While the Chancellor has levelled out the rate of APD on all long-haul flights so that UK passengers flying to far-flung destinations such as Australia or Hong Kong from April 1 2015 will pay the same rate as they would flying to North America, the change is expected to deliver limited benefit north of the Border.
Gordon Dewar, chief executive of Edinburgh Airport, Scotland's busiest hub, said: "Although a small step in the right direction, this announcement will only impact a small, but growing, number of our passengers. It will not have any fundamental impact on European passengers, who are our biggest market.
"We have said on numerous occasions that we will support any plan to reduce or abolish Air Passenger Duty. I am hopeful that this decision will bring the APD debate to the forefront and reaffirm our commitment to offering our passengers the best for their money."
APD is currently divided into four bands. These include the short-haul band A for flights of up to 2000 miles - typically to destinations within Europe or North Africa - and band B for mid-range flights of up to 4000 miles, which covers the United States. At present, a levy of £67 is added to cost of all aeroplane tickets on flights departing from the UK to North America, rising to £134 for passengers seated in non-economy cabins.
However, the rate for passengers flying further afield on services rated band C or D - up to or more than 6000 miles respectively - currently comes in at an additional £83 or £94 per ticket, or up to £188 in business and first class.
The shake-up will see both of the higher rates abolished and all non-short-haul flights classed under the B banding. At current levels, a family of four will save £112 on flights to Sydney, Australia and £64 on flights to Cancun, Mexico.
The move comes after years of successive increases in APD that have seen the duty balloon since it was first introduced in 1994 at £5 on European routes and £20 for flights outwith the continent.
Reports last week suggested the Scotland Office was pushing the Treasury to devolve control of APD to Scotland in a bid to defuse the case for independence. The SNP has pledged to halve and eventually axe the tax in an independent Scotland in a move it believes would boost the tourism economy and eliminate a major obstacle blocking airlines from investing in new routes out of Scottish airports.
However, the Treasury was always unlikely to hand power over the tax to Edinburgh, with Scottish flights generating £234 million of a total APD revenue of £2.8 billion in 2012/13.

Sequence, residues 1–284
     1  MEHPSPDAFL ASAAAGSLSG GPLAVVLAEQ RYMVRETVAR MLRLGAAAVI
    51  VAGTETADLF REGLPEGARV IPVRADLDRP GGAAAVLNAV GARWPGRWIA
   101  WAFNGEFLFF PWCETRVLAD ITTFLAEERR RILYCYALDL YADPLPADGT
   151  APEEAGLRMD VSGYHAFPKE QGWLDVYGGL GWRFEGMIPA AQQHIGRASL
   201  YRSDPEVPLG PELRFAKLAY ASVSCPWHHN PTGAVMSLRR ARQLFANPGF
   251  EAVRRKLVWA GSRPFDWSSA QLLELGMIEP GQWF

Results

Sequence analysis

The compromise of scrapping bands C and D is expected to have a limited benefit to Scottish airports, which operate few services to destinations that would have been classed as C or D. The policy is geared to passenger flying to emerging markets in China, India, and Brazil, or Brits visiting relatives in South Asia and the Caribbean.
A spokesman for Glasgow Airport said: "Any moves to address APD, which simply serves to artificially depress demand and dissuade airlines from flying to and from Scotland, should be welcomed."
He said the Chancellor's announcement amounted to recognition that APD was a barrier to growth, but added: "It falls short of providing any material benefit to Glasgow Airport, as the vast majority of our passengers fall into bands A and B, which will be retained."
Liz Cameron, chief executive of the Scottish Chambers of Commerce, said: "It is good news that the government has at last recognised the impact that the highest taxes on air travel in the world are having on Scottish businesses' ability to trade and attract investment, and we welcome the decision to reduce APD in the highest bands to a lower level. However, even this move will still leave the UK with the highest such taxes in Europe, and more needs to be done to tackle the burden of these taxes, particularly on Scotland's airports."
Besides APD reform, the Budget also announced plans to extend the scope of the existing Regional Air Connectivity Fund to include start-up aid for new routes from regional airports.
The fund is expected to help smaller airports, such as Inverness, which are unlikely to benefit from England's HS2 high-speed rail link.
However, Dale Keller, chief executive of the Board of Airline Representatives UK, said the industry would "need to evaluate any potential competitive distortion" that could be caused by quasi-state subsidies.